When I teach classes on nonprofit management, the first thing I list out on the whiteboard is the distinction between the business, nonprofit, and government sectors. All three sectors are important and interdependent, but they are different both in the roles they play and in how they operate.
I recently talked with Sarah Lutman for an article in Twin Cities Business Magazine about trends in the nonprofit sector. In it, I urged the business audience – and all of us – to stop using the phrase “Nonprofits should operate more like businesses.” It feeds the temptation to think that hiring a business executive to run nonprofits will automatically solve their financial problems or business models. A good leader is a good leader regardless of sector, yes, but overconfident business “transplants” can face a steep learning curve when they enter the nonprofit world. The underlying myth to bust: Nonprofits are not broken businesses. They are simply different entities with different purposes.
A Twitter post sharing the same sentiment raised a lot of emotions from both perspectives, so I thought it was worth spending more than 280 characters discussing. I should note that Phil Buchanan, author of “Giving Done Right” and the president of the Center for Effective Philanthropy, has done an excellent job of speaking to the need of ending the trope of nonprofits as broken business models, and I strongly recommend reading his book.
Let me be clear: As a person who also made the switch from business banking to running a nonprofit, there were skillsets that were helpful. I know many wonderful nonprofit leaders who also came from the business sector who are doing incredible work. However, those that succeed do so because they pair their business perspective and talents with a sense of humility and curiosity about what they have to learn.
When I teach classes on nonprofit management, the first thing I list out on the whiteboard is the distinction between the business, nonprofit, and government sectors. All three sectors are important and interdependent, but they are different both in the roles they play and in how they operate. These three questions make clear the differences between businesses and nonprofits (we’ll save the differences with government/public sector for another time):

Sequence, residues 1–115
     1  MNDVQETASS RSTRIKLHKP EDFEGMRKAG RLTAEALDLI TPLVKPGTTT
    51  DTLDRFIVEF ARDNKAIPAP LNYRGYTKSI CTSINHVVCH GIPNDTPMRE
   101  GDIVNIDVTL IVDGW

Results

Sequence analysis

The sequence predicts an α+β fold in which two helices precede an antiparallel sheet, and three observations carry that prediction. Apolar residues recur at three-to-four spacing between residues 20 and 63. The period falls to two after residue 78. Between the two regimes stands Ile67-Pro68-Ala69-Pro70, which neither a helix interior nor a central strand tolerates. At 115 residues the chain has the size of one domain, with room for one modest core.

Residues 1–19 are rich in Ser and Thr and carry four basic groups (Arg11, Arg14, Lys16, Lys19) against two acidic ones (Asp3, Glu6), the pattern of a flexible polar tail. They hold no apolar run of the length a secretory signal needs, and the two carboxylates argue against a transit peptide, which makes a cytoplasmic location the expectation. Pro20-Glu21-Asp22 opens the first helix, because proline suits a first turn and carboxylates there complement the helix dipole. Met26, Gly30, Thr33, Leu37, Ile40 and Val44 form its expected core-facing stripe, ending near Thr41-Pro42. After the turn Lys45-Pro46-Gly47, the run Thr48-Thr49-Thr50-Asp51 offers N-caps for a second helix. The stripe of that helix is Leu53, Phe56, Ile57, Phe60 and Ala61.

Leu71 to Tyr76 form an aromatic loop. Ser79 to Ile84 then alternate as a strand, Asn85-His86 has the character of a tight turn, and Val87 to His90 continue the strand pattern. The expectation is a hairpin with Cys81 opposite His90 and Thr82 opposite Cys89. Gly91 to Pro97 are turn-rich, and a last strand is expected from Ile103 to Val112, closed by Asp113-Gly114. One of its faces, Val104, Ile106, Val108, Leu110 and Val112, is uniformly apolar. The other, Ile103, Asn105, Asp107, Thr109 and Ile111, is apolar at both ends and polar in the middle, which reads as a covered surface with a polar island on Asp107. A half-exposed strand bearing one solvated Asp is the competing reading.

What are your accountabilities and expectations?
Who has ownership and power? At the bank, there were two owners, and one was the president. When I started at Propel Nonprofits (then Nonprofits Assistance Fund), I was accountable to multiple board members with different views, loyalties, and histories. Ownership will shape your strategy, culture, and operations in a big way. Related to ownership, who you’re accountable to determines how decisions are made. Businesses are accountable to shareholders whereas nonprofits are accountable to the communities and mission they serve. How those two types of stakeholders provide feedback or buy-in is starkly different and creates different expectations of their leaders.
How does the business model work?
Where your revenue comes from determines what levers can be pulled. In business, revenue comes from the customer; the end-user is also the person paying for the service or goods. Nonprofits typically have multiple sources of income (donors, philanthropy, government contracts, and earned income), and the “customers” and “buyers” are not necessarily the same. Nonprofits generally don’t run a special or offer a discount to attract more grants and donations. Again, the business leader has to master new levers and tools to make a strong business model.
How do you define and measure success?
This one tends to be the most complicated and the biggest learning for transplants. When you’re used to looking at revenue growth and profit as the primary measures of success and must transition to needing to consider multiple measures – financial, yes, but also progress toward your mission, the impact of your relationships and way of doing your work, how you’re upholding your values – lean strategies and efficiencies are not going to be the magic solution. Business leaders may employ practices like donating to related causes, investing in their people, and working for double or triple bottom lines, but it’s ultimately for the goal of increasing profits. In nonprofits, financial sustainability and strategy are in service to the mission. Even what to measure for a nonprofit is complex – what metric will be meaningful if it’s not the financial return on investment?
What irks me about the message that nonprofits need to be more like businesses is the underlying assumption that nonprofits lack discipline, systems, and management practices. If anything, the opposite is true. Whether you work in business or nonprofits or the public sector, certain management practices are always useful, including good leadership. This includes valuing humanity, practicing empathy, and engaging with those you’re accountable to. Nonprofits often have a much better track record in these regards than the business sector.
There are well-run and poorly run organizations in every sector. Hence I also push back against nonprofits who complain that their work would be easier if they were in the business sector; running a business is also hard and comes with its own challenges. Let’s appreciate the value both business and mission-driven work bring to our communities, support both with the tools they need to succeed, and practice humility and good leadership all around.